During our period of interest Louis-Napoléon, or Napoléon III, was emperor of France.  The reign was referred to as the Second Empire.  During the American Civil War, and with a weak Spain, his administration saw an opportunity to regain a possession in North America.  Mexico was the target.  France set up a puppet government headed by Archduke Ferdinand Maximilian of Austria enthroned as Emperor Maximilian I.  Sadly for the French, and personally for Maximilian, not all of Mexico wanted foreign domination.  The Second Mexican Empire faced resistance from the republican government of President Benito Juárez.  After victory in the American Civil War in 1865, the United States made clear that France would have to leave.  It sent 50,000 troops under General Philip H. Sheridan to the U.S.-Mexico border, and helped resupply Juárez.  France saw that they had no choice so they packed up and left, leaving Maximilian to his fate.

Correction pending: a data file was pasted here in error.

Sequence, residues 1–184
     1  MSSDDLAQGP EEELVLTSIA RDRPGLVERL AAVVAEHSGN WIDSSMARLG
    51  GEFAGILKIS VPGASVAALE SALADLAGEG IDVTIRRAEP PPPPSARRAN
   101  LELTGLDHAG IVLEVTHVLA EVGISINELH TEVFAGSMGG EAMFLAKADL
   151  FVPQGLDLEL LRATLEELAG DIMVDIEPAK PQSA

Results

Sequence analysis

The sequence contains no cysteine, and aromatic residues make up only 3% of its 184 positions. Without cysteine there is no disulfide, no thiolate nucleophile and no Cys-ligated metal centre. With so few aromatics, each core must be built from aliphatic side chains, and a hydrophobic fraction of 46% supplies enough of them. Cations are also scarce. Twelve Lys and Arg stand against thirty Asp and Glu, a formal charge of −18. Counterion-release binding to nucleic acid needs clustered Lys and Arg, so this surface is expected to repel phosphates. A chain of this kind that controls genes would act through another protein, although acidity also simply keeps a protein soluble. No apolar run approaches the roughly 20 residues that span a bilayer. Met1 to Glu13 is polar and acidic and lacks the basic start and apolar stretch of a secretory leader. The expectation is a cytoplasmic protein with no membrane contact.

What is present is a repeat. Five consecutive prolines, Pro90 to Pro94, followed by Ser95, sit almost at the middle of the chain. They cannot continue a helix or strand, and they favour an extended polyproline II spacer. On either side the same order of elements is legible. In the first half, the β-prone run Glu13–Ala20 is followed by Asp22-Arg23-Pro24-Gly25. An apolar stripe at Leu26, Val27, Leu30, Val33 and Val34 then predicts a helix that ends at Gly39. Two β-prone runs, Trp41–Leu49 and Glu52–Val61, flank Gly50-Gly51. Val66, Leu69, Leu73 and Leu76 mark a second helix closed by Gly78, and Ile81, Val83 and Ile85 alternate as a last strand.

Back home, things went poorly for France.  Trouble with Prussia led to the Franco – Prussian War and the occupation of Paris in 1870.  Napoléon III was captured, imprisoned, exiled in England, and died in 1873.